The doorbell rang insistently.
It was seven in the morning, time when I wasn’t usually up, and he always slept up to two or three in the afternoon. So it could only be a dream…
The ringing stressed.
I rolled out of bed and stumbled slowly down the hallway.
He was standing at the front door, tall, thin as a late teenager, with his cap over his eyes and calmly sticking his finger to the doorbell.
I suddenly snapped out of my trance of sleep and opened the door.
He had his arms full of tulips. I loved them and was even more astonished because he has never brought me flowers before. I think he may have bought all the flowers in the shop. His face radiated with happiness.
He took me in his arms and enveloped me in its tenderness; love seemed so sweet in the morning that I forgot about the flowers and the question which remained suspended somewhere between dreams and the greed of love.
We had fallen in love in America; only I could travel across the ocean and fall in love with someone who lived two streets from my flat!
At first I regarded him with suspicion, I found it hard to believe that I could ever find a decent person.
It all flowed naturally in America where nothing seemed real, not the skyscrapers, not the drug addicts in railway stations. It was the most natural place to be with someone, especially someone who did not comply with any rule.
I was like Alice in Wonderland; anything could happen to me there. And one of the things that have happened to me was to fall in love exactly when I was sure that I didn’t need love.
We smiled at the same things and had lots of laughs, said the same things at the same time, made the same ironic hints, understood each other’s looks and were not bound by any rule.
I had no idea what we’d do once we came back, but Wonderland was OK.
He was 36 years old, 1.80 meters tall, and was one of the most talented filmmakers of his generation. As a mutual friend said, "he had pedigree".
His parents were renown writers, he grew up in the most exclusive district of Bucharest, had a live-in babysitter, attended the most expensive schools, he could afford to despise both the old and new rich people and state that his whole life he just wanted to be an ordinary man and live in a flat.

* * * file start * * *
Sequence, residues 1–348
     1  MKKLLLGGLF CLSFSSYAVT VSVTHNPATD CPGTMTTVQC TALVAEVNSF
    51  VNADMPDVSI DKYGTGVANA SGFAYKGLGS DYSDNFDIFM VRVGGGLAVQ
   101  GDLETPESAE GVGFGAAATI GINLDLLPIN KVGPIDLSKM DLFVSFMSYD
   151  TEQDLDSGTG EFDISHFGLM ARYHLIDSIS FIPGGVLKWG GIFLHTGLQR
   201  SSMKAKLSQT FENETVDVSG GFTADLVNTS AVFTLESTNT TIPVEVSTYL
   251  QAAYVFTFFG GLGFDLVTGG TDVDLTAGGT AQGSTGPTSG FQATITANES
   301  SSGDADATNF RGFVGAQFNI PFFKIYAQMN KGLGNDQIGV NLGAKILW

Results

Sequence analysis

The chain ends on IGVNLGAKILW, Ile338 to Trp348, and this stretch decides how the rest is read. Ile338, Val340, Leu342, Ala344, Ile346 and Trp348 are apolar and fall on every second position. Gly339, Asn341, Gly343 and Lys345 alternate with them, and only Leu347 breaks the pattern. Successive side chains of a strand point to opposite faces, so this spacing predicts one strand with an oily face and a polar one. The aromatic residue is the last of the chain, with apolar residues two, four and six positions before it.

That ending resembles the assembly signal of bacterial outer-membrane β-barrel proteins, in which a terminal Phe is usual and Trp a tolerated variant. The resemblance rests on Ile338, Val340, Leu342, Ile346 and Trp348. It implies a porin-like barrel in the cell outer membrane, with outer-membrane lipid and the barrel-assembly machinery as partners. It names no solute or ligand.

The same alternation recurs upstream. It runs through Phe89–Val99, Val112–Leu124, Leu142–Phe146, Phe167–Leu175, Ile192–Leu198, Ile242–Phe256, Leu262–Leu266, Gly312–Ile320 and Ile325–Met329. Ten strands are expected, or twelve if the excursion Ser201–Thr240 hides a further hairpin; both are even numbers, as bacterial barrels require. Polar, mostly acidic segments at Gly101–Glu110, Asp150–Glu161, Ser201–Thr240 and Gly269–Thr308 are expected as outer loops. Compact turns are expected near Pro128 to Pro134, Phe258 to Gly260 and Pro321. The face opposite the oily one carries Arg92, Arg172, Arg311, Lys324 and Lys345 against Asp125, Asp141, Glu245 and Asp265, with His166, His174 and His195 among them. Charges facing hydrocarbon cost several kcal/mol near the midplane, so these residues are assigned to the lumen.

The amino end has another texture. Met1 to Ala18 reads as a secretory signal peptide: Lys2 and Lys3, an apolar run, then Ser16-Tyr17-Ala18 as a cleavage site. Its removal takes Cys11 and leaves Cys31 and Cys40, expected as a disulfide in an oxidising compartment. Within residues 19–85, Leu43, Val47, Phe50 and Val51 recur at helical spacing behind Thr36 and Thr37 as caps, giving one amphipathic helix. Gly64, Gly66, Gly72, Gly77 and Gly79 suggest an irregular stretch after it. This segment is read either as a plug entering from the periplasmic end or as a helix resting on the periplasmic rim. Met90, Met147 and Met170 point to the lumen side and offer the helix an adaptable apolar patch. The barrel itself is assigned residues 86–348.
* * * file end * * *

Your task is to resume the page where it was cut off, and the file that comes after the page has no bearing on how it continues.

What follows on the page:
He had never lived in a flat, but in my tiny apartment acted like a king in his palace.
We lived separately, which meant that we each spent several hours in our own home alone without the other, until we were to decide whether or not things would work out and if we were to remain together.
This provisory state of the relationship had already stretched for many years.
The dozens of bouquets of red tulips now stood in vases, cups, jars and any other containers that could hold water.
- What are the flowers for?
- Isn’t it your birthday? I dreamt that today was your birthday; I woke up scared that I hadn’t gotten you anything and that you’d get angry, so I ran and bought all the flowers I could find.
It wasn’t my birthday. It had passed.
He never said "Happy Birthday", never got me flowers or gifts.
He simply ignored it, and for a long time that saddened me. He said that holidays with a fixed date annoyed him, that he didn’t like to get happy on schedule, at a certain time.
Same went for Christmas and New Years, but that is another story… I didn’t say anything to him.
With time, I got used to it.
I gave up on many things, but I felt good, spoiled and protected, envied and loved.
I thought of it this way: my birthday was only one day of the year, it didn’t last forever.
I even stopped counting the years as I felt as young as the day we fell in love.
So his question took me by surprise.
- No, it’s not.
Suddenly, his face saddened.
- But you know what? What does it matter when it is exactly? It’s the thought that matters. It could as well be today.
-Are you sure? But when is your birthday?
And so, my birthday had strayed.
Every spring after that came with a flower or just a smile, an uttered "Happy Birthday", but none on the exact date.
I got used to this custom so much that one year, when spring was nearly over, and he gave no sign that my day would come anymore, I said:
-You know, it’s my birthday.
And I made it be. He asked what I wanted to do.
- Exactly what we were going to do – I told him – but now it will be a present for my birthday.
Walking down the boulevard, on old streets and going to a restaurant that we had never been to, that was the plan for the day.
Sometimes we liked feeling like tourists in our own city…
In time, after some twelve years, we separated.
He fell in love with a woman who celebrates her birthday on her actual birth date; at a restaurant, with many guests, musicians and no one is allowed not to bring her flowers and candy.
My birthday continues to be sometime in the spring, on a sunny day when I feel like hearing someone say "Happy Birthday".